Chechen warlord Doku Umarov admits Moscow airport bomb
One of Russia's most wanted men, Chechen warlord Doku Umarov, has said he ordered the deadly bomb attack last month on a Moscow airport.
The suicide attack on the arrivals area of Domodedovo international airport on 24 January left 36 people dead and 180 injured.
In a video posted online, Mr Umarov said the attack was a response to "Russian crimes in the Caucasus".
Similar suicide attacks would continue, he added, speaking in Russian.
Mr Umarov is self-styled leader of the "Caucasus Emirate" and is considered the head of the Islamist militant insurgency in the North Caucasus. He is one of the few prominent Chechen rebels still active, having served as security minister in the Chechen separatist government from 1996-99.
Another video of the rebel leader was posted online late on Friday last week in which he threatened a year of "blood and tears" but made no explicit reference to the airport bombing.
Doku Umarov's claim that he ordered the Domodedovo bombing will not come as a surprise to Russians.
The Chechen warlord has been linked to previous acts of terror.
But his declaration that there are hundreds more suicide bombers ready to strike at any moment will spread fear across the country.
Following the Domodedovo bomb, the authorities have taken measures to prevent similar attacks.
As of 1 February, there are new security regulations at Russian airports. It means tighter controls outside airport buildings and more document checks.
One Russian newspaper this morning warned passengers to arrive four hours before a flight. It also predicted that it would be harder for individuals without valid air tickets to get access to the terminals.
What's more, a string of law enforcement officials have been sacked and a new head of transport security has been appointed in the Interior Ministry.
But few Russians believe that these measures will prevent future terror attacks and provide them security.
Doku Umarov has previously claimed the March 2010 suicide bombings on the Moscow Metro in which 39 people died, and is said to have ordered the November 2009 bombing of a train from Moscow to St Petersburg that left 26 dead.'On my orders'
The video which appeared on the Kavkaz Tsentr website is dated 24 January, the day of the attack.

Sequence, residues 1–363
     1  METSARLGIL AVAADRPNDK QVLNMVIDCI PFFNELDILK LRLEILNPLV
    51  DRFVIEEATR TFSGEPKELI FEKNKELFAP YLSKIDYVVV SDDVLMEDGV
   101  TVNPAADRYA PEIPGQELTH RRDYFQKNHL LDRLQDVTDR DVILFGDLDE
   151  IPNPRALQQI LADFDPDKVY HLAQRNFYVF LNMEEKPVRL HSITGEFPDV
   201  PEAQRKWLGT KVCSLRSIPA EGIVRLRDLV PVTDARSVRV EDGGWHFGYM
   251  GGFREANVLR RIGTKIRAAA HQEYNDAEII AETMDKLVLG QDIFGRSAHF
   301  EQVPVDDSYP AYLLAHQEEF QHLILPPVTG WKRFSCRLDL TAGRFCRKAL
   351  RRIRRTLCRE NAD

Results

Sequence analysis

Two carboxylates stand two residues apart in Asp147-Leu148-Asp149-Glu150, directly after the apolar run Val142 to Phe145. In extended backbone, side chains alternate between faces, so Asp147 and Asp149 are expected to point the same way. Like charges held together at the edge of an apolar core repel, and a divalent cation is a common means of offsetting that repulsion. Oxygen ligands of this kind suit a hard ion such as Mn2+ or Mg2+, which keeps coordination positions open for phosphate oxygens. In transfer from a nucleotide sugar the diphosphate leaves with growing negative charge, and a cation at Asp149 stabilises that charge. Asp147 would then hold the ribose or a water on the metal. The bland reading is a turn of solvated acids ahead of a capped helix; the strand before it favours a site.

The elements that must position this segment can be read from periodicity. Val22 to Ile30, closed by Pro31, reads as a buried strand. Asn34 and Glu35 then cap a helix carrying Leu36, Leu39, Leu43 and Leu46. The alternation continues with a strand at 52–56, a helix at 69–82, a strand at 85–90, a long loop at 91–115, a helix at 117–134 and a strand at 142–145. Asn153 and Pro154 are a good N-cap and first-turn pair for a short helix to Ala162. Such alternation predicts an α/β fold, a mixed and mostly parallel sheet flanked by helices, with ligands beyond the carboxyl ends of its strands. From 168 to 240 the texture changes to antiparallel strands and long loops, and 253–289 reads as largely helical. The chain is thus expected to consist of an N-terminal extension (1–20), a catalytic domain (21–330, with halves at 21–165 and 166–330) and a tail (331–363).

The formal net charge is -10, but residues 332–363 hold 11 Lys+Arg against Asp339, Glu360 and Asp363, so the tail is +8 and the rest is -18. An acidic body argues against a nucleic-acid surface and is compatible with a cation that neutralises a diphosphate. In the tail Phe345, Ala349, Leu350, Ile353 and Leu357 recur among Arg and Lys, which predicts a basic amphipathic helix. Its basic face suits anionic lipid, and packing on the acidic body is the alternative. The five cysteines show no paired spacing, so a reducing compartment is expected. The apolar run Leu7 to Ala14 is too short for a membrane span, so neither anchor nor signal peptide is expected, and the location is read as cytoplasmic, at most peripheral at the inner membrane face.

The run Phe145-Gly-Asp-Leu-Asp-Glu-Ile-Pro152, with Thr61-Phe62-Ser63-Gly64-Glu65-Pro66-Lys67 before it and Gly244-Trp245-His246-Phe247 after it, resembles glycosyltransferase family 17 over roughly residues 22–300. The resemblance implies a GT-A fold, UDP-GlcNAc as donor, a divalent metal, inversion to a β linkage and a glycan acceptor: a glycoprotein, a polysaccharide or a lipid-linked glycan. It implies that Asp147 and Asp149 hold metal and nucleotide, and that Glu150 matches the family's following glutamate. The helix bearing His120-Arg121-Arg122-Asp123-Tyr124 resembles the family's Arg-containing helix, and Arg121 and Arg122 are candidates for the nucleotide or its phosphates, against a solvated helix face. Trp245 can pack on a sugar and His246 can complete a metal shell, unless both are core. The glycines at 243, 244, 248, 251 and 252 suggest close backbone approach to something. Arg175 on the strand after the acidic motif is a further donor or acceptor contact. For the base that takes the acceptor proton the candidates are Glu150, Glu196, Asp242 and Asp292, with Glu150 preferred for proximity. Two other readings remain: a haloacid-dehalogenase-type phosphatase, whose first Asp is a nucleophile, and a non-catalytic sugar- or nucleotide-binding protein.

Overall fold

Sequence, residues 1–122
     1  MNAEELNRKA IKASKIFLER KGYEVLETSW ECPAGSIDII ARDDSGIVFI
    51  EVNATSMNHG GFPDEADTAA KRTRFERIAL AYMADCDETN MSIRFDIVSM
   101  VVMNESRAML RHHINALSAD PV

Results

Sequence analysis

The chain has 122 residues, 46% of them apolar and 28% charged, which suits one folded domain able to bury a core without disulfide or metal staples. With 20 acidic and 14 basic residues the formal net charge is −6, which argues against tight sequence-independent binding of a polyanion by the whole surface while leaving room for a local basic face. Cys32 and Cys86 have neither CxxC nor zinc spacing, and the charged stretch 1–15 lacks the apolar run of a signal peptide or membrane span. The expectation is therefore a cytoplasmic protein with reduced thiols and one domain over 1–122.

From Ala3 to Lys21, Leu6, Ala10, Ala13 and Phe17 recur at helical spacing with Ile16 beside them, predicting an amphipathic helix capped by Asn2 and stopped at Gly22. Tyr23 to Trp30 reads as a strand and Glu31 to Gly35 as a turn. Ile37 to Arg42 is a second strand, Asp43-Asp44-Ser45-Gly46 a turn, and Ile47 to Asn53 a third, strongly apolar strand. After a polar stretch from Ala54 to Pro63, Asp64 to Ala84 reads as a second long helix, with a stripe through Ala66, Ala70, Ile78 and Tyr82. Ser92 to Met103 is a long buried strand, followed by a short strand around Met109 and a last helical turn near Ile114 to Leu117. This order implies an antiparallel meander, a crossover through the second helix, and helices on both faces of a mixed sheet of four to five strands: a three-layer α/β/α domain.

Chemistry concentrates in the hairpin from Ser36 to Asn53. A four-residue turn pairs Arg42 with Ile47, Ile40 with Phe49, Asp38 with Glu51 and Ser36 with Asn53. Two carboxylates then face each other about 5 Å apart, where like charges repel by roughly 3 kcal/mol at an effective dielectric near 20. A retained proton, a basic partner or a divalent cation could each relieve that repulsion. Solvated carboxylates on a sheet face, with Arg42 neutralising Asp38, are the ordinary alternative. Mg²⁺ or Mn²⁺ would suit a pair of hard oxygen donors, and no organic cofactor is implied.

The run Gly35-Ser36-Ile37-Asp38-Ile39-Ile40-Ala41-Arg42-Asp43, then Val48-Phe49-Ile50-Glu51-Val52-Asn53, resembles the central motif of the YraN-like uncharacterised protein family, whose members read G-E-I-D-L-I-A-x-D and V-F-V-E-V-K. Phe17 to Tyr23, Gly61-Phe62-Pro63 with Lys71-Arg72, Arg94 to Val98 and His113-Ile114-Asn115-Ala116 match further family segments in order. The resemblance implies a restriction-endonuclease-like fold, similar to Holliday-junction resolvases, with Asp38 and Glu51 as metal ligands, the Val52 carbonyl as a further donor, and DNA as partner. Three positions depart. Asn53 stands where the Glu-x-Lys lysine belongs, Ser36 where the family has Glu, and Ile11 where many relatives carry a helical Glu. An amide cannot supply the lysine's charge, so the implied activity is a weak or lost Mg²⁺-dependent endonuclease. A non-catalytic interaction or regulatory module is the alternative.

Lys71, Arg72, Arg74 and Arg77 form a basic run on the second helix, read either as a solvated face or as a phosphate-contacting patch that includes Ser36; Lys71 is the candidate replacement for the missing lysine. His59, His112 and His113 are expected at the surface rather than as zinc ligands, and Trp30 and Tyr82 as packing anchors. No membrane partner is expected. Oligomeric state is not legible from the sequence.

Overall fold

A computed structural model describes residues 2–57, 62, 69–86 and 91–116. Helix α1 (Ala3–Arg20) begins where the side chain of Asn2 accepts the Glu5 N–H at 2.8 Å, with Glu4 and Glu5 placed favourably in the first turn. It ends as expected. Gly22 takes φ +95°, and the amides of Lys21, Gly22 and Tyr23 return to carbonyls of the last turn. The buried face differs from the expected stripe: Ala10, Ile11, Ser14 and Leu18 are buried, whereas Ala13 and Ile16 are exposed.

Appearing alone, dressed in combat fatigues, Mr Umarov speaks to the camera: "This special operation was carried out on my orders and, God willing, special operations like it will continue to be carried out."
He goes on to argue that Muslims are under attack all over the world, talking at length about the situation in Sudan, and condemns "Zionist and Christian regimes led by Israel and America".
Mr Umarov says that he and his fighters "are waging jihad in the Caucasus today to establish the word of Allah", and there are "hundreds more brothers" ready to sacrifice themselves to that end, in the fight with Russia's "racist regime".
Promising "regular, deeper and more aggressive operations", he says he wishes that so much blood did not have to be spilt for Russia to "leave the Caucasus".'Special operation'
Russian investigators say the suicide bomber who struck at Domodedovo Airport was a 20-year-old man from the North Caucasus.
Although the attacker has not been named officially, unnamed officials told the Interfax news agency on Sunday that he was believed to be Magomed Yevloyev from a village in Ingushetia in the northern Caucasus.
In the video of Doku Umarov posted last Friday, the rebel leader is flanked by two men, one of whom the rebel leader claims is preparing a "special operation". Russian media have suggested that the man in the video, named "Seifullah" by Mr Umarov, was Yevloyev.
At least seven foreigners were killed in the bombing at the airport - the busiest serving the Russian capital. The arrivals hall was full of people as several international flights had just landed.
Those killed included one person each from Britain, Germany, Austria, Ukraine, Tajikistan, Kyrgyzstan and Uzbekistan. At least 16 Russians were also among the dead.
Russian President Dmitry Medvedev sacked several officials - said to include a regional transport chief and a Moscow police deputy head - after the bombing, blaming them for poor security.